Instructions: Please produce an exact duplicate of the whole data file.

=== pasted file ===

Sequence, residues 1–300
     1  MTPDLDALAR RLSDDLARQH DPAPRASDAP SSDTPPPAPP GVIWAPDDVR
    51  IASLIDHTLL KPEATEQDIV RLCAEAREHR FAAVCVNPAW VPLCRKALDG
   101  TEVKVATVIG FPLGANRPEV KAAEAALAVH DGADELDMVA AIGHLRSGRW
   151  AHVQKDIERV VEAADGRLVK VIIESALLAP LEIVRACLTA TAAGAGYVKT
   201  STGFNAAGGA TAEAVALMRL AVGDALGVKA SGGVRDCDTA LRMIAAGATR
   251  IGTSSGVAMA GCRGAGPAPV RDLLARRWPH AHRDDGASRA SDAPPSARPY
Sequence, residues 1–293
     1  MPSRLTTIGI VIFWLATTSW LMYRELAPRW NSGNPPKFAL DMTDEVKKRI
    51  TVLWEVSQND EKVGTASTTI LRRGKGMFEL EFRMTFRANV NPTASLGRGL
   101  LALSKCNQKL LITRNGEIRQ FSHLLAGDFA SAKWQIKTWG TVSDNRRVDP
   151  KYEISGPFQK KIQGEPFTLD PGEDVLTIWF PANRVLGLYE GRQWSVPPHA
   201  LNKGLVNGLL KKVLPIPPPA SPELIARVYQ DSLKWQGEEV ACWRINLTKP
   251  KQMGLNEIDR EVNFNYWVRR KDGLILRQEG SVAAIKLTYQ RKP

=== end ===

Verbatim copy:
Sequence, residues 1–300
     1  MTPDLDALAR RLSDDLARQH DPAPRASDAP SSDTPPPAPP GVIWAPDDVR
    51  IASLIDHTLL KPEATEQDIV RLCAEAREHR FAAVCVNPAW VPLCRKALDG
   101  TEVKVATVIG FPLGANRPEV KAAEAALAVH DGADELDMVA AIGHLRSGRW
   151  AHVQKDIERV VEAADGRLVK VIIESALLAP LEIVRACLTA TAAGAGYVKT
   201  STGFNAAGGA TAEAVALMRL AVGDALGVKA SGGVRDCDTA LRMIAAGATR
   251  IGTSSGVAMA GCRGAGPAPV RDLLARRWPH AHRDDGASRA SDAPPSARPY
Sequence, residues 1–293
     1  MPSRLTTIGI VIFWLATTSW LMYRELAPRW NSGNPPKFAL DMTDEVKKRI
    51  TVLWEVSQND EKVGTASTTI LRRGKGMFEL EFRMTFRANV NPTASLGRGL
   101  LALSKCNQKL LITRNGEIRQ FSHLLAGDFA SAKWQIKTWG TVSDNRRVDP
   151  KYEISGPFQK KIQGEPFTLD PGEDVLTIWF PANRVLGLYE GRQWSVPPHA
   201  LNKGLVNGLL KKVLPIPPPA SPELIARVYQ DSLKWQGEEV ACWRINLTKP
   251  KQMGLNEIDR EVNFNYWVRR KDGLILRQEG SVAAIKLTYQ RKP